Inside the second floor galleries housing the contemporary collection of the Museum of Modern Art, a sculpture called “Bruno” (1998–2012) stands in quiet command of the room. Made primarily of grass and cow intestines, its materials transform the human body into a meditation on mortality via the digestive tract.
The sculpture is the work of Paweł Althamer, a Polish artist born in 1967 who will be opening his first U.S. museum exhibition at the New Museum in February. According to the New Museum’s announcement of the show:
Althamer is predominantly known for the figurative sculptures he creates of himself, his family, and various other individuals within his community. Beyond simple portraiture, these sculptures, in addition to the other activities he is involved in, highlight the complex social, political, and psychological networks in which he lives and operates.
An idea of his range can be gathered from the two major works he will be presenting at the New Museum: Draftsmen’s Congress (2012), a relational piece in which the public will be invited to draw and paint on the gallery walls, and “Venetians” (2013), made for the most recent Venice Biennale (which was headed up by the exhibition’s curator, Massimiliano Gioni), a figurative group sculpture consisting of skeleton-like, ribbon-wrapped bodies topped by the faces of anonymous Venetians cast in plastic.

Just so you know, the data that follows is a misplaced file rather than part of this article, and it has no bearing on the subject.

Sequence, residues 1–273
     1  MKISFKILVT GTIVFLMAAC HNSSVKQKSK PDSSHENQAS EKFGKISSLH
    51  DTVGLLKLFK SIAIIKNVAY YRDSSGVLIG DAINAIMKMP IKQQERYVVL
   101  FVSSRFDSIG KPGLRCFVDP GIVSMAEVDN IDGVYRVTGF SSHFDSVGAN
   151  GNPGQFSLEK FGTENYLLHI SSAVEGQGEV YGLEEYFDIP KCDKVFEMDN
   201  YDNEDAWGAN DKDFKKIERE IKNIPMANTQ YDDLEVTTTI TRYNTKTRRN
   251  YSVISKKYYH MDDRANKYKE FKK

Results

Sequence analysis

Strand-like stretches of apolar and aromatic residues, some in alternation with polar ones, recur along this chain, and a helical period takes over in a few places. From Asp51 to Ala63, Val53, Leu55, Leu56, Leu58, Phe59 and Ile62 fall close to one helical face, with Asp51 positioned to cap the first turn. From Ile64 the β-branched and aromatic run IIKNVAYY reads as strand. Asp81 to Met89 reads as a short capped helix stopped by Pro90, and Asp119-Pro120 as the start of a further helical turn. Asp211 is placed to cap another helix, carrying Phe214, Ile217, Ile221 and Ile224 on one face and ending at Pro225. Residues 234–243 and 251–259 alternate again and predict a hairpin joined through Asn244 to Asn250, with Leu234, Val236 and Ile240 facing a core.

“Bruno,” according to the wall text, is a full-scale nude “portrait of the artist’s eldest son at the age of ten,” which Althamer began in the 1990s and finished in 2012 “with the assistance of his son — now an adult — who is also an artist.”
The boy’s face is modeled in plaster over the cast of a skull (the work’s one too-obvious note), with downcast eyes and gently parted lips. His creased forehead and taut facial muscles give him a much older look, lending the 5’ 3” figure the semblance of a small adult rather than a young boy.
From the nape of the neck downward, the sculpture is made almost entirely of grass, held together with endless lengths of colored thread. Giacometti-thin, Bruno’s body, with its exposed skull, outsized feet and spindly fingers, would resemble a burn victim (the left foot in fact appears to be charred) if not for the apparent serenity of its classic contrapposto.
The figure holds its arms away from its body, palms facing outward, with the right hand loosely gripping what appears at first to be a curling swath of fabric but is actually a section of dried cow intestine.
The wall text suggests that the position of the figure’s arms “calls to mind a saint — possibly Bartholomew, a martyr who was flayed and is typically portrayed holding his skin.”
While the object in Bruno’s hand might be interpreted metaphorically as skin, it is literally a hunk of gut, and its use in conjunction with the piece’s other self-evident materials (plaster head and grass body) would seem to invite other inferences.